I also want to recognize the incredible effort that went into opening the new facility, new embassy in November. That’s a huge lift at any time; I have some idea of what a huge lift – an even huger lift – it was to pull it off during the pandemic. Months of careful planning into ensuring the health and safety of everyone involved, and I know that it paid off. As I understand it, there was not a single instance of community transmission during the move, no days of lost productivity either.

So a couple shout-outs. One, first of all, to GSO Will Styron. I don’t know if Will is here. Yeah. (Applause.) Also to Gudmundur Ottosson. Excuse me for getting the pronunciation of the name wrong. Gudmundur, are you here somewhere? (Applause.) And Scott Dargus, where are you? You here, Scott? Scott. (Applause.) Thank you (inaudible) for shepherding this effort and to everyone who pitched in, and this is a remarkable facility that I’ve gotten at least a little glimpse of.

I’ve done a few meet and greets now that we’re on the road and traveling, getting a chance to talk to our teams in different embassies, and one constant is profound thanks to the medical staff, to the medical team for looking out for the health of all of us, all of you, during the pandemic. And I was amazed to learn that because Reykjavik doesn’t have a health unit, your management and regional security teams also managed the logistics for the vaccine clinic. So talk about taking on double duty and doing something so critical – that’s remarkable. That involved clearing vaccines, ensuring proper storage, managing the rollout on vaccine days, all of which you did without wasting a single dose of the vaccine.

Now, as I understand it, no one on the team had ever done anything quite like that before. But asked to step up, you did, and there’s nothing more important than keeping all of our people safe and healthy. Thank you, thank you, thank you for doing that. It’s (inaudible). (Applause.)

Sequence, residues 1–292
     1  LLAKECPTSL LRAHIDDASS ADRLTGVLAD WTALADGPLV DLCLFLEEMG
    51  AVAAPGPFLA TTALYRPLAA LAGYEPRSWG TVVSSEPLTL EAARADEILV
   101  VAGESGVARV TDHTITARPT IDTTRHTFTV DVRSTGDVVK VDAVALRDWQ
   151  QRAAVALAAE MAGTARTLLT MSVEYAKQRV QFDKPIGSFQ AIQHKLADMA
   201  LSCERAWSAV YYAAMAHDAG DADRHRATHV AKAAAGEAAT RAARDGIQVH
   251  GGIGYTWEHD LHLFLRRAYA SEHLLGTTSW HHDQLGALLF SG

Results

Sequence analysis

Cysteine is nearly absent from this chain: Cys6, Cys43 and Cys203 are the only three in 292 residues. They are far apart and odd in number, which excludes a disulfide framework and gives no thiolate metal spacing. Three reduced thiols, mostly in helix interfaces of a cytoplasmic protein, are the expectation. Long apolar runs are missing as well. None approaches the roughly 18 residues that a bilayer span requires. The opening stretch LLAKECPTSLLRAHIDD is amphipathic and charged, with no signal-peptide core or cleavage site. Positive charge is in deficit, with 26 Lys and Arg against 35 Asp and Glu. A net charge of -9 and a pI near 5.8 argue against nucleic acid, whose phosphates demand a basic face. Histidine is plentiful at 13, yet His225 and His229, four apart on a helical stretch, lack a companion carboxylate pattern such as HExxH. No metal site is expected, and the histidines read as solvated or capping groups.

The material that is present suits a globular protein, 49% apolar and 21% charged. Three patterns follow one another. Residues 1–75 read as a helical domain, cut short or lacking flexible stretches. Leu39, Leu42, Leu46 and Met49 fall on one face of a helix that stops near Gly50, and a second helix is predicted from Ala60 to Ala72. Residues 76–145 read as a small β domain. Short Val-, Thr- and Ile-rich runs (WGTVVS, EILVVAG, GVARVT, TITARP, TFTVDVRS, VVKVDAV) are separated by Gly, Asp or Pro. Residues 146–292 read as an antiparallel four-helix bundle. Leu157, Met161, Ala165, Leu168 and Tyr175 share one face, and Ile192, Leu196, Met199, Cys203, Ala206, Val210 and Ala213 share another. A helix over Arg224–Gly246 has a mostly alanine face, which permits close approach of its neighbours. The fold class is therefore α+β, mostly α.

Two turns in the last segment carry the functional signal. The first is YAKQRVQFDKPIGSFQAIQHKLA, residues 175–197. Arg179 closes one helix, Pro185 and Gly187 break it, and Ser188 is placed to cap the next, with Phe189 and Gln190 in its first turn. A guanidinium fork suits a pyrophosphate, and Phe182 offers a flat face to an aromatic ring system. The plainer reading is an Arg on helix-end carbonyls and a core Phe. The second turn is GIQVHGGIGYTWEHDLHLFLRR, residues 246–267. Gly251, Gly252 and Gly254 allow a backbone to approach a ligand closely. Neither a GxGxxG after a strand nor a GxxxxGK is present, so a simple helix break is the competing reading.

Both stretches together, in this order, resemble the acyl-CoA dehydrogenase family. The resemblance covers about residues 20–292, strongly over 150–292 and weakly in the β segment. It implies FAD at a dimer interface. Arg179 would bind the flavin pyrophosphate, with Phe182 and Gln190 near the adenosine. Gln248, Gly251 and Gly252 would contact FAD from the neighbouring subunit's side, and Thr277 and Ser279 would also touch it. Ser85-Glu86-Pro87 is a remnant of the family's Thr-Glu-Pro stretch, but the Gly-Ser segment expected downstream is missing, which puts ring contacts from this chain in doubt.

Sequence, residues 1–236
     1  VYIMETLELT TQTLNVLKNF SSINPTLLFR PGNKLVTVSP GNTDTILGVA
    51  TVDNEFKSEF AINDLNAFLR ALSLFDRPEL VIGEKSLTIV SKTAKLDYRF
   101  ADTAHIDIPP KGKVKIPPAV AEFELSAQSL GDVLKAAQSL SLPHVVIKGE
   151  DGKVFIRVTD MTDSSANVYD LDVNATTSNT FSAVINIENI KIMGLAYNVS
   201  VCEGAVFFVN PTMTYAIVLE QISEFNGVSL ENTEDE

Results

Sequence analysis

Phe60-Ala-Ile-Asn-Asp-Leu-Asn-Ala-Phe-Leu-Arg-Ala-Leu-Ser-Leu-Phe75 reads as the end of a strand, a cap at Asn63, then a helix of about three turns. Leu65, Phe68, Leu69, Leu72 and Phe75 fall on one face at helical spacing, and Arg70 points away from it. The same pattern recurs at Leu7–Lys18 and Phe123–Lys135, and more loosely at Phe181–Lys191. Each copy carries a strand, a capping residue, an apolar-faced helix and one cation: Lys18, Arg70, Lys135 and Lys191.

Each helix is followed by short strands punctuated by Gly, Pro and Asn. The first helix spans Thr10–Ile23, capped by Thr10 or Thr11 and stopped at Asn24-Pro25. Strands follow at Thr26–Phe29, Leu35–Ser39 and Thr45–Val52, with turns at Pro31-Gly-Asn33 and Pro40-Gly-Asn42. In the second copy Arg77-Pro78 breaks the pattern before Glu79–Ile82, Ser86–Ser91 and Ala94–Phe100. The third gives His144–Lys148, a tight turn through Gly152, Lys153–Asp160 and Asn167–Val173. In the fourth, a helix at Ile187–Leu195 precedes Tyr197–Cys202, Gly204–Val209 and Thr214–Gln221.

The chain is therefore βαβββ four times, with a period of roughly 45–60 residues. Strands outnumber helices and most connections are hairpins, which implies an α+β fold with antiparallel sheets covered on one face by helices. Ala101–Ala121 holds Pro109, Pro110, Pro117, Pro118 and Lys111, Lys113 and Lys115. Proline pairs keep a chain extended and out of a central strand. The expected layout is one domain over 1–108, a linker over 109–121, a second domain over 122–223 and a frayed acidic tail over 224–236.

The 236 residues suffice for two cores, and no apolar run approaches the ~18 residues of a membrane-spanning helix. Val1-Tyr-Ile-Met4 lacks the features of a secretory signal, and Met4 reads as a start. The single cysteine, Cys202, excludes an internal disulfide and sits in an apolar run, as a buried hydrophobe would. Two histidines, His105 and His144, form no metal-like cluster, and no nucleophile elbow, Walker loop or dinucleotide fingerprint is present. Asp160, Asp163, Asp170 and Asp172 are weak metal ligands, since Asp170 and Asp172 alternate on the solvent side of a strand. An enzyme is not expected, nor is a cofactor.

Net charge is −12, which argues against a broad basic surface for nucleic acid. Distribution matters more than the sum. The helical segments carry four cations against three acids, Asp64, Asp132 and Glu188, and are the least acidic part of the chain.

So I say all of this in part because we – there are words that we throw around a lot like “community” when we talk about our missions, when we talk about our embassies. But I think there’s rarely been a time where we’ve been able to underscore more the importance of that word during a pandemic – people coming together at a time when there is such huge strain on everyone professionally, personally, with your families. And I have some sense of how tough that’s been. But I also know that you made it through what I hope is the darkest stretch of this in part because you’ve worked as a community and you’ve worked to stay connected, even if that requires a little bit of creativity in how you do it, and also the basic principle (inaudible) one another. The locally employed staff committee and the leader of our Community Liaison Office, Sylvie Neal. Is Sylvie here? Yes. Special recognition for your efforts in keeping everyone connected, keeping everyone together. Thank you. (Applause.)